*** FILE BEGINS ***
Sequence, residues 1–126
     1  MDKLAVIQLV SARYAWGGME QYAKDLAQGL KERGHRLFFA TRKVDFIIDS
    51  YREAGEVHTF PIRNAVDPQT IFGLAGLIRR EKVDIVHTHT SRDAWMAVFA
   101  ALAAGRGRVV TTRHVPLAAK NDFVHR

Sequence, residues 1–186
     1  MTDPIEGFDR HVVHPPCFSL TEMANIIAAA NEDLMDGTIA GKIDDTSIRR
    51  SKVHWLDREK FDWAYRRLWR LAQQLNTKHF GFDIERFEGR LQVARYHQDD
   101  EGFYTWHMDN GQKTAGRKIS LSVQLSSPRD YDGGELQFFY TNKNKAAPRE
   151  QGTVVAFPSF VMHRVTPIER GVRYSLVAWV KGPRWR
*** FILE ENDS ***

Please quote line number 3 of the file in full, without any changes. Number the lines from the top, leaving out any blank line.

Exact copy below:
    51  YREAGEVHTF PIRNAVDPQT IFGLAGLIRR EKVDIVHTHT SRDAWMAVFA